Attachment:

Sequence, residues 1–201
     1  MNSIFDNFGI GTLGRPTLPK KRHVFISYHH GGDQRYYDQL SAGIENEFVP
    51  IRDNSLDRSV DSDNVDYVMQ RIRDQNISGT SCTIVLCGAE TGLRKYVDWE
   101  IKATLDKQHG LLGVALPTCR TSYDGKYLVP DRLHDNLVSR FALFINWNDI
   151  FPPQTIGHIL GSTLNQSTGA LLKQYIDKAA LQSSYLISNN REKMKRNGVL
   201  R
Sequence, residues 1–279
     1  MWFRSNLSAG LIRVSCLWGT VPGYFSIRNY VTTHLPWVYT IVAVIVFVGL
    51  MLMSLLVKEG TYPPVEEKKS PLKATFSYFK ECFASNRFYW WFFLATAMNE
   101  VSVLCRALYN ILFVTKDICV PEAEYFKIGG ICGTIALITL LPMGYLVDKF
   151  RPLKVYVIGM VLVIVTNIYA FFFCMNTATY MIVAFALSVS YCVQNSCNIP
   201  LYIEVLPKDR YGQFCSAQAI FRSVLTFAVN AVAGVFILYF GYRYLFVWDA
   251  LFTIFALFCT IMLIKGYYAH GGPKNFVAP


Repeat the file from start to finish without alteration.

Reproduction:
Sequence, residues 1–201
     1  MNSIFDNFGI GTLGRPTLPK KRHVFISYHH GGDQRYYDQL SAGIENEFVP
    51  IRDNSLDRSV DSDNVDYVMQ RIRDQNISGT SCTIVLCGAE TGLRKYVDWE
   101  IKATLDKQHG LLGVALPTCR TSYDGKYLVP DRLHDNLVSR FALFINWNDI
   151  FPPQTIGHIL GSTLNQSTGA LLKQYIDKAA LQSSYLISNN REKMKRNGVL
   201  R
Sequence, residues 1–279
     1  MWFRSNLSAG LIRVSCLWGT VPGYFSIRNY VTTHLPWVYT IVAVIVFVGL
    51  MLMSLLVKEG TYPPVEEKKS PLKATFSYFK ECFASNRFYW WFFLATAMNE
   101  VSVLCRALYN ILFVTKDICV PEAEYFKIGG ICGTIALITL LPMGYLVDKF
   151  RPLKVYVIGM VLVIVTNIYA FFFCMNTATY MIVAFALSVS YCVQNSCNIP
   201  LYIEVLPKDR YGQFCSAQAI FRSVLTFAVN AVAGVFILYF GYRYLFVWDA
   251  LFTIFALFCT IMLIKGYYAH GGPKNFVAP